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post #1 of 11 (permalink) Old 01-29-2016, 11:49 PM Thread Starter
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Tighten suspension

When I bought the 99 LS 2 door, it came with these lowering struts and rear and front tie bars in it. The handling felt great but it was way too low, I was scraping everywhere.

I had the stock springs and struts placed back in to raise the car and also pulled out the rear tie bar for cargo space. But now the handling has gone down. I can feel the car rock/sway left and right a good bit when driving.

How do I tighten up this suspension with what I've got, without lowering the car again?
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Last edited by stvpourciau; 01-29-2016 at 11:55 PM.
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post #2 of 11 (permalink) Old 01-30-2016, 12:03 AM
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Bushings, sway bars, tires, alignment, weight reduction.
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post #3 of 11 (permalink) Old 01-30-2016, 11:29 AM Thread Starter
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Originally Posted by NewtGomez View Post
Bushings, sway bars, tires, alignment, weight reduction.
What do you mean by bushings? Are there "upgrade" bushings? Or that they may be worn? I've anything on my car was worn my mechanic would've replaced it.

I've got new tires/light rims, good alignment, so my only option now is sway bar? Do you think that tie bar has any effect?
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post #4 of 11 (permalink) Old 01-30-2016, 11:57 AM
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New bushings as in poly bushings for example energy suspension sells a master kit of polyurethane bushings that stiffen your car up. The tie bar you are talking about is usually called a strut bar and I believe it's mostly a placebo effect. You won't gain anything noticeable really. Thicker sway bars will make a drastic difference in preventing body roll. The best thing I ever did to my teg was an ITR rear sway bar. If you upgrade your rear sway bar, you should definitely consider buying a subframe brace so you don't tear out your subframe.
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post #5 of 11 (permalink) Old 01-30-2016, 12:14 PM Thread Starter
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Originally Posted by NewtGomez View Post
New bushings as in poly bushings for example energy suspension sells a master kit of polyurethane bushings that stiffen your car up. The tie bar you are talking about is usually called a strut bar and I believe it's mostly a placebo effect. You won't gain anything noticeable really. Thicker sway bars will make a drastic difference in preventing body roll. The best thing I ever did to my teg was an ITR rear sway bar. If you upgrade your rear sway bar, you should definitely consider buying a subframe brace so you don't tear out your subframe.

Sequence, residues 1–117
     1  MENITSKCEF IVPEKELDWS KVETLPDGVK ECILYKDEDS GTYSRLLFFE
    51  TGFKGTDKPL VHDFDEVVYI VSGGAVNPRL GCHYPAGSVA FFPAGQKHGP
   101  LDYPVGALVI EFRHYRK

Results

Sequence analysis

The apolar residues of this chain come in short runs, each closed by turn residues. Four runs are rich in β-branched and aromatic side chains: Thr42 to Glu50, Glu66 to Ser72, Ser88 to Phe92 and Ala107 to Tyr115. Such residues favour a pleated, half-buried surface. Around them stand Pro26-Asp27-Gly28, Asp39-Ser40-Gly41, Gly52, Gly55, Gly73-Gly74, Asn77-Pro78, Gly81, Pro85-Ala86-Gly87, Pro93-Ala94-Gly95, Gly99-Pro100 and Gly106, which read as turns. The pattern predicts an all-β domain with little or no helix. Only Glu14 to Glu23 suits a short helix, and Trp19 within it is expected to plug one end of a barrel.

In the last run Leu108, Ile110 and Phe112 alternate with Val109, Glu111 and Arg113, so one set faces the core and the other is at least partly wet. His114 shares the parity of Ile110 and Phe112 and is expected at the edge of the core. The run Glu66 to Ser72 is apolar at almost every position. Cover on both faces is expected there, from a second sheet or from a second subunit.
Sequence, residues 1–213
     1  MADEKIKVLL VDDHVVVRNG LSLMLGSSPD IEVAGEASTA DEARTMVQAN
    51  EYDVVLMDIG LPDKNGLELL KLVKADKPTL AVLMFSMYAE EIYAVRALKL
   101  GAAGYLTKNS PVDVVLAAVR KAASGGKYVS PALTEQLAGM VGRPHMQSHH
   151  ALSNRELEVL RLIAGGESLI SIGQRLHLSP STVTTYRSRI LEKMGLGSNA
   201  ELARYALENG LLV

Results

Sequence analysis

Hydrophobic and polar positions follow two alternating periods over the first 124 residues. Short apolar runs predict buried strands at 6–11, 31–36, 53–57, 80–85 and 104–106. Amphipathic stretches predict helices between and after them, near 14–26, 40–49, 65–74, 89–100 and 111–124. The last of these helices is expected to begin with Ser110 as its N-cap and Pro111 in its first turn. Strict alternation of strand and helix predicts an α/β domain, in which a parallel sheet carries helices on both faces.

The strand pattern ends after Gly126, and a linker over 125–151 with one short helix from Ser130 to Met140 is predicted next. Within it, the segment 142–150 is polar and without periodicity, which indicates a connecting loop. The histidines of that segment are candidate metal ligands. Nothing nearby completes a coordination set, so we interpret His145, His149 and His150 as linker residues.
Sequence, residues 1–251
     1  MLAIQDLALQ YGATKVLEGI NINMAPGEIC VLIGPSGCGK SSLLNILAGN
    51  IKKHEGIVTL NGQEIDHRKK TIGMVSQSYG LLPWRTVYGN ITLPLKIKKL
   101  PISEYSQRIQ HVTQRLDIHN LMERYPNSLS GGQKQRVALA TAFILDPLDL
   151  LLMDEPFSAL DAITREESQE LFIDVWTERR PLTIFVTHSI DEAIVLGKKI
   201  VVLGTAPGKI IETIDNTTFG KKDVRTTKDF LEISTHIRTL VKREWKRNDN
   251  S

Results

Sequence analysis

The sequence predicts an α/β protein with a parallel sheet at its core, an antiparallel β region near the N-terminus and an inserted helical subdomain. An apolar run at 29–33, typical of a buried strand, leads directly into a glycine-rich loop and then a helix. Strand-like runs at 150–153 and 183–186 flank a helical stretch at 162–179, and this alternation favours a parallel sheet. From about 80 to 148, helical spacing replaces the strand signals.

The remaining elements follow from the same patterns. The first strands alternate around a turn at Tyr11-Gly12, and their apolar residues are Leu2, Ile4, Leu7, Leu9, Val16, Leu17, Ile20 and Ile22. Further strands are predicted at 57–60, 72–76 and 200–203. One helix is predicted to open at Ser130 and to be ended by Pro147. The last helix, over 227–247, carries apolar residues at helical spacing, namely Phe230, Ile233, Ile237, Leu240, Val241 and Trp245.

Thank you for your reply. Don't they sell sway bars now that dont tear out?
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post #6 of 11 (permalink) Old 01-30-2016, 01:47 PM
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Thank you for your reply. Don't they sell sway bars now that dont tear out?
Thats what the subframe brace is for. It will distribute the force of the sway bar over a large surface rather than a small surface which will prevent tear out.
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post #7 of 11 (permalink) Old 02-02-2016, 05:20 PM
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Factory springs are going to feel "sloppy" compared to aftermarket springs. Are your shocks worn out?

I would never accept that from my paint guy..
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post #8 of 11 (permalink) Old 02-02-2016, 07:29 PM Thread Starter
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Factory springs are going to feel "sloppy" compared to aftermarket springs. Are your shocks worn out?
I wouldn't know. My mechanic didn't see any obvious damage so we threw them in.
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post #9 of 11 (permalink) Old 03-05-2016, 07:14 AM Thread Starter
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Factory springs are going to feel "sloppy" compared to aftermarket springs. Are your shocks worn out?
Yes, they're completely shot. I'm going to throw the tokikos back in and relower it, there's already an upgraded sway bar. Someone put time into the suspension and I destroyed it
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post #10 of 11 (permalink) Old 03-05-2016, 04:48 PM
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You could also go for the type r springs on the tokiko struts for some lowering and better handling
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post #11 of 11 (permalink) Old 03-05-2016, 05:01 PM
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New bushings (not necessarily aftermarket ones) will definitely improve feel if the current ones are worn out. Peek down in the back and check them. They are kind of a B to replace, so I'm not sure it's something a mechanic will do without letting you know.

A sway bar will definitely improve feel.

If you have the funds, you can go for coilovers. Normally they let you adjust the stiffness and height, and some will let you do it without messing with smooth suspension travel.

Heck, I think Tein even makes a little control unit that lets you adjust stiffness (not ride height unfortunately) from inside the car instead of having to get out and adjust them yourself. Not that it takes a long time anyways, but you just run little motors to the tops of the shocks and I think that's awesome.

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